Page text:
Assessment 3: VIDEO STIMULUS
Name: Vu Kieu Trang Nguyen Student number: 12843684
Error number 1
Sitting on the patient’s bed without permission is pointed out as an error because it trespasses respected personal space, which is against the professional boundaries that separates the nurse-patient therapeutic relationship from any behaviour that could lessen benefits of care (Ginsburg ; Levinson 2016). Berman et al (2017) picture the personal space is preferred distance between the person and others during a conversation. When realizing that the personal space is threated by unexpected events or actions occurring around, the person tends to be defensive, which decreases the communication’s effective. To avoid this error, the student registered nurse (RN) should create a space that is acceptable for the connection between the nurse and the patient during the conversation (Jeffs et al 2014). It improves the nurse – patient therapeutic relationship as well as protect and advance the human dignity through the fulfillment and contentment of patient privacy which contains significant meanings in the healthcare provided community ( Hasan Tehrani et al 2018). On the contrary, the nurse student should ask for the patient’s permission to approach the patient’s safety zone, which shows the respect of the nurse for the patient’s perspective (Feo et al 2017).
Error number 2
The second error performed on the video is related to professional boundaries, the nurse shares personal problems with the patient as which is one of the warning of the boundaries crossing as an example of a prospective boundary violation, ‘excessive self-disclosure’ (Nursing and Midwifery Board of Australia 2010). On the video, the nurse talks about her personal sexual attraction of males whom she met the night before within using individual device during the shift for personal purpose, specific mobile phone used. This action is negative for the professional relationship contribution between the nurse and the person who she cares, as well as showing a disadvantage for patient safety (Levett-Jones 2016). To avoid this error, the nursing student should limit using smartphone for personal purposes rather than for the purpose of improving knowledge and understanding of the information related to the process of patient care or internal communication, understand and implement regulations on the use of personal electronics in clinical practice (Cho ; Lee 2015). Moreover, instead of contributing a friend-friend relationship with patient, the nurse should focus on the therapeutic relationship, for example, behaviour control , time and mind investing in professional patient-based treatment and caring, exploiting information related to the treatment process to complement and adjust the patient’s active and appropriate treatment plan in the future. The nurse should concentrate on the patient and giving them your full focus, without being diverted as well as connect with and deliberate on the individual and considering their self-mind needs from their point of view are basic abilities (Feo et all 2017).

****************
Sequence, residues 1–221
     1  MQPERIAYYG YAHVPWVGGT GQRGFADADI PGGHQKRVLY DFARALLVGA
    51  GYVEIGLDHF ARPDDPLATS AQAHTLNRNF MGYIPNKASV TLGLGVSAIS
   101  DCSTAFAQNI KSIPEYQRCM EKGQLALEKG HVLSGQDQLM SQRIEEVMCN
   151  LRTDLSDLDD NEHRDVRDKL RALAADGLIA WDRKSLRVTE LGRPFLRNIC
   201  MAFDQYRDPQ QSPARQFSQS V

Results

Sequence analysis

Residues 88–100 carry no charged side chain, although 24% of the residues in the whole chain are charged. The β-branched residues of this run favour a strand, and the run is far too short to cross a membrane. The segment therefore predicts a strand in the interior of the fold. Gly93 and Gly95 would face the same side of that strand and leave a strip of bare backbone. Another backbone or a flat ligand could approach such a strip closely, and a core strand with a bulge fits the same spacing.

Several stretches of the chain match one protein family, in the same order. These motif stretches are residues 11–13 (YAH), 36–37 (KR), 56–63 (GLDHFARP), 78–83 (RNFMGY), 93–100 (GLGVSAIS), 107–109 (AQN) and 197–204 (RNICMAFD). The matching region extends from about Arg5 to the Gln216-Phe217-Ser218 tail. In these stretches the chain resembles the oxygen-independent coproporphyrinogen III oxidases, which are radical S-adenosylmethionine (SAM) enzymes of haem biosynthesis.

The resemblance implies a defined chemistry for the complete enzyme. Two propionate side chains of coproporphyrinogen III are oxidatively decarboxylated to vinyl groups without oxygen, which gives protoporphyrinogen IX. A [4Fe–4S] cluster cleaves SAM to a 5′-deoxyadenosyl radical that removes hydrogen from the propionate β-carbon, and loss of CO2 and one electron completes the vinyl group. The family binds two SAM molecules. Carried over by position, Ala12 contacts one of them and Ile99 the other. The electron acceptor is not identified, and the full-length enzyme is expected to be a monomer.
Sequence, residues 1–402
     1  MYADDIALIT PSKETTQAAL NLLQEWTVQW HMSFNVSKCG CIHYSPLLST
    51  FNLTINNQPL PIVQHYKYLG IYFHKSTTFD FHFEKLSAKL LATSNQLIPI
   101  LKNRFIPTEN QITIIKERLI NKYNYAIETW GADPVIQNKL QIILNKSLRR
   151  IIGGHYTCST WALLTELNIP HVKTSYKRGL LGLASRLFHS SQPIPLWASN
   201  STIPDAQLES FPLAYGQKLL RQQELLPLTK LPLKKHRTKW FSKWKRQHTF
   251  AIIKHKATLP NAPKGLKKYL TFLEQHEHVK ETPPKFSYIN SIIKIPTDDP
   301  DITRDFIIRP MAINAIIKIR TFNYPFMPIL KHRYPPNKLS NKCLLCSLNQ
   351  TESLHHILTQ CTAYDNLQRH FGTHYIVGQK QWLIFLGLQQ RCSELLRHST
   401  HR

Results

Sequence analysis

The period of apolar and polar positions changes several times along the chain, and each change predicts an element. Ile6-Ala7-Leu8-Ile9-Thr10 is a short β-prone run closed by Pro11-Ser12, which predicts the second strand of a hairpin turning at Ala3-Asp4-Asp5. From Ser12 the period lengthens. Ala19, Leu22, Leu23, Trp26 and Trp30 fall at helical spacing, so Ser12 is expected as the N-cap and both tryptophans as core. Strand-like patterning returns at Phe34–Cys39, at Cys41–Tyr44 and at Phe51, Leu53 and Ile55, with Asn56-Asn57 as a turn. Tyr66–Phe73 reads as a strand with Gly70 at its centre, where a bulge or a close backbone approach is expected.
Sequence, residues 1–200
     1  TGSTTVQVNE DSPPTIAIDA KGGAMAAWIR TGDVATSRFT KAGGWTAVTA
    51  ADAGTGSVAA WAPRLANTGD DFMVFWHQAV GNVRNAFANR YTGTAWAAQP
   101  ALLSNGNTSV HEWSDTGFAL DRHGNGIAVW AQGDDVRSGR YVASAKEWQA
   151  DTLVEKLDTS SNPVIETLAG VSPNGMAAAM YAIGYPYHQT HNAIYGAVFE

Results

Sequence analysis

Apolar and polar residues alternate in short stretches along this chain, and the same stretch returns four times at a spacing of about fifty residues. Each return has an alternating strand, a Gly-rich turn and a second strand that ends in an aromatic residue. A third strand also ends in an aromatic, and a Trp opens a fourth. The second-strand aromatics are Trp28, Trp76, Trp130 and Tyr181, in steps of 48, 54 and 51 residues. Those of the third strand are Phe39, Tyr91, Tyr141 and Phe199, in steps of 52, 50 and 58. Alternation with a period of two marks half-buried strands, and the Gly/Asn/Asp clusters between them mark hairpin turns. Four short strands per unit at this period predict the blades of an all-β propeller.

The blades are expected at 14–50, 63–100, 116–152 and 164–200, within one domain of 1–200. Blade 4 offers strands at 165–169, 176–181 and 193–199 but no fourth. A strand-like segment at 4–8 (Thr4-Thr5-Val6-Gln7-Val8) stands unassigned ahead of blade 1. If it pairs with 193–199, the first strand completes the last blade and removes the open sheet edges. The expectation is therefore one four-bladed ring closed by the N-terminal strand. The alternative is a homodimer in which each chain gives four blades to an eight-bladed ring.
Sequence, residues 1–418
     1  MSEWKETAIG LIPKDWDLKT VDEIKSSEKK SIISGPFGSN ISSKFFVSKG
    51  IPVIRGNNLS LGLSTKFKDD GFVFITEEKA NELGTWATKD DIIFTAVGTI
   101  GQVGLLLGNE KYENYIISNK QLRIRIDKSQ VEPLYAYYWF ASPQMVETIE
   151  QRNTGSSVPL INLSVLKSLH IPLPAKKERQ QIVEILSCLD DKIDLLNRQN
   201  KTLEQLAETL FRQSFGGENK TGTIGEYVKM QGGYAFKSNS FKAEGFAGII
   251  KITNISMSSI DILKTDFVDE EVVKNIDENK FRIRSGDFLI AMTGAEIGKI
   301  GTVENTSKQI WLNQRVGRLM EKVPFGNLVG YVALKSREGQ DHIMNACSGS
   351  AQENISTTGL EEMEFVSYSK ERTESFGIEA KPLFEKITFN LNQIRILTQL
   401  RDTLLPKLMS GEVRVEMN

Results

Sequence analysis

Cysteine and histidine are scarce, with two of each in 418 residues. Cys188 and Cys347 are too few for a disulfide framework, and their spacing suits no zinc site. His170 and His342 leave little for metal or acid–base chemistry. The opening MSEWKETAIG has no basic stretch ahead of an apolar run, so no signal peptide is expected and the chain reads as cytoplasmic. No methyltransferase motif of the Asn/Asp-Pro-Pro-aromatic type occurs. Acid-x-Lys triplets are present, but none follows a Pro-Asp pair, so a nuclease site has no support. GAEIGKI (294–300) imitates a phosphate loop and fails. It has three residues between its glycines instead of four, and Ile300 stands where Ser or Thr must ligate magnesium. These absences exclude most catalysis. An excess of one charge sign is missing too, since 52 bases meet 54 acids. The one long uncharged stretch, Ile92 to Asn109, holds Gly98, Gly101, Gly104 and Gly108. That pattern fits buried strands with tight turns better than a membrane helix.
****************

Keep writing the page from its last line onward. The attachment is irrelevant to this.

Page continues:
Error number 3
As being recognized from the video, the student RN discusses about the patient’s relationship situation (asking if the patient used to date the male called Brad) and gives comments (‘small world’, ‘funny’), which is not relevant to the treatment process. It is understood as a professional boundary crossing. In this case, the nurse student is failure in communicating with the person as well as documenting the non-related information (the nurse points out the person’s previous relationship situation and document it), which is crossing to boundary violations zone understood as the ‘over involvement’ zone (Manfrin-Ledet, Porche & Eymard 2015). According to Nursing and Midwifery Board of Australia (2018), the limits in the expert association of the nurse with the person getting care and the essential communicating area is set up and kept up by the nurse. In this case, having a little chat about the person’s private information is not an essential communiqué method recommended using to provide, maintain and improve the therapeutic relationship. The RN student should focus on the person’s experience with medication or pain management, as well as the individual’s feeling, needs and preference (Ashton 2016). Furthermore, medical attendants treat individual data got in an expert limit as classified without utilizing private data or their situation of energy to advantage themselves in any capacity (Nursing and Midwifery Board of Australia 2010). As being seen, the student RN might know the male called, however, using that information as an advantage to grow the closer relationship is off track. To avoid the boundaries crossing, the student RN should keep focusing on the care relationship instead of personal relationship with the patient, for example, the nurse might ask open ending question if the patient is willing to share their thought, feeling and lifestyle which contributes the treatment processing (Ashton 2016).